In recent weeks, the country has been faced with a number of reports relating to the abduction and killing of young women. The cases of amongst others, Karabo Mokoena and Thembisile Yende made national headlines.

Speaking on what needs to be done to deal with such killings, Mantashe called on the youth and communities to take up an active role in the fight against femicide.

“Let us convene anti-crime street communities.. we must take responsibility for our streets and communities” Mantashe said.

The Secretary-General also used the opportunity to reflect on the importance of Youth Month, the successes of the 1944 ANC Youth League (ANCYL) generation and the role of young people today.

“When we celebrate the heroism of the youth, we shouldn’t only trace them from 1976, but from 1944, when the ANCYL was formed. The youth league of 1944 led us for 5 decades from 1944 until 1994” Mantashe told supporters.

He expanded on the role the 1944 youth generation played in the struggle against the apartheid regime.

“In 1961, when the ANC was banned, young people took an initiative to form Umkhonto weSizwe, they swelled its ranks and led the movement until 1994″ Mantashe said.

On the generation of 1976 Mantashe said “The youth of ’76 fought against the imposition of Afrikaans. They succeeded. That is the role of young people who have a purpose. Young people should have a purpose at all times, because they are the future, present and past”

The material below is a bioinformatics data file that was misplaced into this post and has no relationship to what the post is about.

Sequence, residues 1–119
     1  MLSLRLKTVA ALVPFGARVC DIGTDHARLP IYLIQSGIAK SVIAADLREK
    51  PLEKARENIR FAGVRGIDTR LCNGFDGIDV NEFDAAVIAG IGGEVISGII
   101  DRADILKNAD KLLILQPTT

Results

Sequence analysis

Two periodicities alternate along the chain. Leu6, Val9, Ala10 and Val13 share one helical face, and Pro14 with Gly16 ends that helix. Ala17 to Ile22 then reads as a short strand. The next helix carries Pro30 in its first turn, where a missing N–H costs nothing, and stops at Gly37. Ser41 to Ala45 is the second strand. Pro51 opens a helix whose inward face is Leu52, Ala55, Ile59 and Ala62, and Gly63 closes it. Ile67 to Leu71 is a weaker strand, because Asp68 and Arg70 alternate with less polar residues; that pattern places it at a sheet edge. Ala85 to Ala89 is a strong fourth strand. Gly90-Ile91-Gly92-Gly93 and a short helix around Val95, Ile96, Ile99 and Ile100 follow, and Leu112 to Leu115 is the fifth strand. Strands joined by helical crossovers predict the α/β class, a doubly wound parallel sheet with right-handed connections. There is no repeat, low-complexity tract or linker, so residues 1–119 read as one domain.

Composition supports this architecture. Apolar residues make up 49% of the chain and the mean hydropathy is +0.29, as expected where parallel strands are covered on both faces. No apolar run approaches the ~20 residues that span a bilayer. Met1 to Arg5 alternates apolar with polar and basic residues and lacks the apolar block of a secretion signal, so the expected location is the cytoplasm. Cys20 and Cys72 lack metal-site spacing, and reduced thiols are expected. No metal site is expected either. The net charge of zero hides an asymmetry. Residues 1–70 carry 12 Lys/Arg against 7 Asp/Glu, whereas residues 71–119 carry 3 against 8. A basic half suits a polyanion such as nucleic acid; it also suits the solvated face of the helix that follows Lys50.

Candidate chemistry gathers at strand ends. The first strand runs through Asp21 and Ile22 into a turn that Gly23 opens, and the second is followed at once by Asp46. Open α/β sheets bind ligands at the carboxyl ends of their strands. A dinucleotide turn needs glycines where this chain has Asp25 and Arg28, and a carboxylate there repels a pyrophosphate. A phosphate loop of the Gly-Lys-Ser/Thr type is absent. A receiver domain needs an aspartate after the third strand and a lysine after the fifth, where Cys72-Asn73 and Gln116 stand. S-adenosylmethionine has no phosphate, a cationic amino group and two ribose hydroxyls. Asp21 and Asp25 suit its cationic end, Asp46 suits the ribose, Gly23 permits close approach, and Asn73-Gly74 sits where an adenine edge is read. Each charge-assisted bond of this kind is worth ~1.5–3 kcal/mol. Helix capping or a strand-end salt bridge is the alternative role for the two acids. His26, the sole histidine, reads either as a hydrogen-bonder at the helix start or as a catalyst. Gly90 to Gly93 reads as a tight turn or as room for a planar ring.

On the #FeesMustFall student protests, he said: ”When young people demand that #FeesMustFall, we must not be afraid and disown them. We must know that it is a duty of a young person to be bold and adventurous. Being bold is about fulfilling their youthfulness”

Mantashe emphasized the need to explain the successes of the ANC government to the youth.

“When there are protests regarding education, ANC becomes a victim of its own success. When ANC took charge of this government, black students at universities were 150 000, they are now over 850 000 today”.

“There are many black and young people who have now joined the so-called ‘middle class’ stratum. That is a product of the success of ANC policies” Mantashe added.

“Young intellectuals are critical and analytical. They protest against e-tolls, not because they don’t want development, but, because they add to their cost structure. There is nothing wrong with fighting that”